The structural details of such an android's body are, surprisingly, the least important features of such a device. The critical part that will make it all possible will, in fact, be the complexity of its artificial brain.

Most of the devices available today which are referred to as robots are, in reality, nothing more than high tech puppets. They are basically remotely controlled devices which can only perform tasks in their environments so long as such tasks are carefully monitored and directed by a human controller. Thus, when one sees "robots" being used by the bomb squads to defuse a bomb or rovers moving across the surface of Mars to study its geological features, one should keep in mind that these devices are merely extensions of a HUMAN mind. A "true" android may initially be given a task by a human being to perform, but all of the many complex sub-tasks involved in accomplishing the larger task must be performed completely and INDEPENDENTLY by the android. This is a critical condition that such a device must be able to meet before we can truly consider it to be more than just a puppet.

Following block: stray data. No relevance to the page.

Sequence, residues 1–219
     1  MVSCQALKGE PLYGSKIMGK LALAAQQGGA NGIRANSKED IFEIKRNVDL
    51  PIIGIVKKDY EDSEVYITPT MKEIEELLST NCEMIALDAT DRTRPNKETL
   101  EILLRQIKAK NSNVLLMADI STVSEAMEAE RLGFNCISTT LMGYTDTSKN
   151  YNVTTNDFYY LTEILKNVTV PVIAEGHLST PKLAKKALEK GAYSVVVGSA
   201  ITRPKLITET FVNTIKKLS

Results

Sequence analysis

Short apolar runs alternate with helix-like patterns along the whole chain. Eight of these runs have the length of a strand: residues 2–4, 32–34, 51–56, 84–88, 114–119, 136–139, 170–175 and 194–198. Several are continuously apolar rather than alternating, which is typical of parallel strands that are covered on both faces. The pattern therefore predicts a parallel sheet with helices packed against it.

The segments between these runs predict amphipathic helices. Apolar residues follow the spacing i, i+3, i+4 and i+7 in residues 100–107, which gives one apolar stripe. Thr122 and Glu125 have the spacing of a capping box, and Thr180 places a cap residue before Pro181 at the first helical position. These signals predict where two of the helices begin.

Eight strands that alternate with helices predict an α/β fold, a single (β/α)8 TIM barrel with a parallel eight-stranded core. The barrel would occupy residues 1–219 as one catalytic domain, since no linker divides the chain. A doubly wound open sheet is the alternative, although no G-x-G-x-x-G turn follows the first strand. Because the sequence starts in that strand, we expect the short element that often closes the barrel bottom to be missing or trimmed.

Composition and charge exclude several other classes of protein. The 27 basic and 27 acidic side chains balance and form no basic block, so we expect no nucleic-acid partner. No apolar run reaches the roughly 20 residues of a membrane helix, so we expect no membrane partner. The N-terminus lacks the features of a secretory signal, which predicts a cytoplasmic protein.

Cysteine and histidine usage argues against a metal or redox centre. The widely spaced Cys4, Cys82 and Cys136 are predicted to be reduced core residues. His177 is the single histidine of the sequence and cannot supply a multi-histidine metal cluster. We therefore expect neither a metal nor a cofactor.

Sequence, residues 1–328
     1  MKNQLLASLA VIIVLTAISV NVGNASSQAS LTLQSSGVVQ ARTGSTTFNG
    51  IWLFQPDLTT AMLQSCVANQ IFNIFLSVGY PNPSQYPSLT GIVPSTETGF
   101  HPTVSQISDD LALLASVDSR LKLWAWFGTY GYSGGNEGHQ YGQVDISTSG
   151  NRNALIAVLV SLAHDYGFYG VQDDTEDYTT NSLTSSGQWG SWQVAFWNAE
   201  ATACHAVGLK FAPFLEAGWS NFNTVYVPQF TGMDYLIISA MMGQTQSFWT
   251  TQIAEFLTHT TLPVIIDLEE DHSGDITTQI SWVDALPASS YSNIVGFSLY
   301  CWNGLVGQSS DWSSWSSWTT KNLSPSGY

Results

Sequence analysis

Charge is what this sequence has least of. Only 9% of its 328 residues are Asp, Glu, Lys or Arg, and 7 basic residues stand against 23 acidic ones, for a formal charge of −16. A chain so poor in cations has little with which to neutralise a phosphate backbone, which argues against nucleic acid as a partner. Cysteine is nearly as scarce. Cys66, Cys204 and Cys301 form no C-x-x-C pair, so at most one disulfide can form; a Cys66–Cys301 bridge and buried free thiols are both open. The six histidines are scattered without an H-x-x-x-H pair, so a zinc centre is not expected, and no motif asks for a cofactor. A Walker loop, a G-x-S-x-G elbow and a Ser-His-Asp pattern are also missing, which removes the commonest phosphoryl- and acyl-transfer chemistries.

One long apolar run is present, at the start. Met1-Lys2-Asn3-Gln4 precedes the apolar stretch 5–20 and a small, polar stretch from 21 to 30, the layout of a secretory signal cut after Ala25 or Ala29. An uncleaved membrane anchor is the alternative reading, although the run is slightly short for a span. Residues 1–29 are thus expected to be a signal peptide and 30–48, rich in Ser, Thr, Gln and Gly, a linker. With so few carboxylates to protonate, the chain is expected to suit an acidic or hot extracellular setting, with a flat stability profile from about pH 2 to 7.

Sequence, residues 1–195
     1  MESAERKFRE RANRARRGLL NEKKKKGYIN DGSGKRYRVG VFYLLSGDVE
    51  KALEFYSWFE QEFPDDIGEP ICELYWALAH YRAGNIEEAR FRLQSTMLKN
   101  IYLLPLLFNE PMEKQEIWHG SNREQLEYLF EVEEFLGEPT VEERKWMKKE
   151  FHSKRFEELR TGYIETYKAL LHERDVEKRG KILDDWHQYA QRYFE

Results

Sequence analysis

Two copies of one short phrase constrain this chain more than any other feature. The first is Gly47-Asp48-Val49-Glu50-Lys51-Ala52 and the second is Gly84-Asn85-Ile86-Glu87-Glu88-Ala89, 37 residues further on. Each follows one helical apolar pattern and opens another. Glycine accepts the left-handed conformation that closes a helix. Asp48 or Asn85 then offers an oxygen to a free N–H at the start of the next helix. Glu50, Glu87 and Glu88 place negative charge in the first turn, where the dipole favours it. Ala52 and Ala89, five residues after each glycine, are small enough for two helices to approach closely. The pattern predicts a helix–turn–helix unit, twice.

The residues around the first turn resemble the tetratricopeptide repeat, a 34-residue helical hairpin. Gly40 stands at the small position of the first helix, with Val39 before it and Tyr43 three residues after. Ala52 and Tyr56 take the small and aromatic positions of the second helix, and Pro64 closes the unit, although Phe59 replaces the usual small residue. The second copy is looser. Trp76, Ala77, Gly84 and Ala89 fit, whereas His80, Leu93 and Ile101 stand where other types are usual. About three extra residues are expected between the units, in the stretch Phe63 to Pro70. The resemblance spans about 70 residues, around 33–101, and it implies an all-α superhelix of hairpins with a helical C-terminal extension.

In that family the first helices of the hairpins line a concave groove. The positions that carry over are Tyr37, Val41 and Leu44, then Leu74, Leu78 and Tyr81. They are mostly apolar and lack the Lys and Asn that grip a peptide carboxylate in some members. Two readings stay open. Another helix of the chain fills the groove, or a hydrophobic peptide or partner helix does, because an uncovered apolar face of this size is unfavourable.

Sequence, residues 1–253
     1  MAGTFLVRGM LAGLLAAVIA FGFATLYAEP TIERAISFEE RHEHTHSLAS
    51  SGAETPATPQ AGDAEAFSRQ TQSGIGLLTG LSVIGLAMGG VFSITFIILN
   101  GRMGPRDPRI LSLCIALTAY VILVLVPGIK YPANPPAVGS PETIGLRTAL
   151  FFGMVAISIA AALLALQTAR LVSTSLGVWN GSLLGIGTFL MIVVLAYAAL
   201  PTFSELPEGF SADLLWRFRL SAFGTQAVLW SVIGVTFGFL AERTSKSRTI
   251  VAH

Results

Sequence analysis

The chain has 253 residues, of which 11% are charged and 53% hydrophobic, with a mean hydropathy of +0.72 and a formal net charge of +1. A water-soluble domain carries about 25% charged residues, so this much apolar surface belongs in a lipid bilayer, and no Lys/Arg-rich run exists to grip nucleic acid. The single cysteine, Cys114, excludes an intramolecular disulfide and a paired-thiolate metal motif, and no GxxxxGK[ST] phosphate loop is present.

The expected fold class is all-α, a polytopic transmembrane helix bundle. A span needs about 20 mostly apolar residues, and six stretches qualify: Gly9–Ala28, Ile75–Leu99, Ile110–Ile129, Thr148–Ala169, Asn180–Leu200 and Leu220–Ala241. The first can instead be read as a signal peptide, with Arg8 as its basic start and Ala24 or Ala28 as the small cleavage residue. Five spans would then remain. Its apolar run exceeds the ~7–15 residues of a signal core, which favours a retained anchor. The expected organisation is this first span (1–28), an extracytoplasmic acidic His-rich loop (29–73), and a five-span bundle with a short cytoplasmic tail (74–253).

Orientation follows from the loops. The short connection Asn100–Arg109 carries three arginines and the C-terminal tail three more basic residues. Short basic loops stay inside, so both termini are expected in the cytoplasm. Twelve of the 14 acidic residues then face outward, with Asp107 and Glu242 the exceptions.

This now brings us to the subject of "artificial intelligence" about which there has been much debate during the last half a century. There have been several definitions of this including the one given by Alan Turning, a mathematician, philosopher, and early pioneer in the science of cybernetics. He once suggested that a machine could be considered to be intelligent if a human conversing with it over a teletype machine could not tell whether or not he was conversing with another human being or a machine. This is a good definition and can be extended quite easily to the android described above. That is, if such an android could be dressed up and, after being placed in a social situation, not appear to humans by casual observation to be anything other than another human, then that android could be considered to have artificial intelligence. In other words, we could also say that, upon casual observation, there would be nothing about the android's appearance, speech, gestures, or other bodily movements which would give it away as being a machine.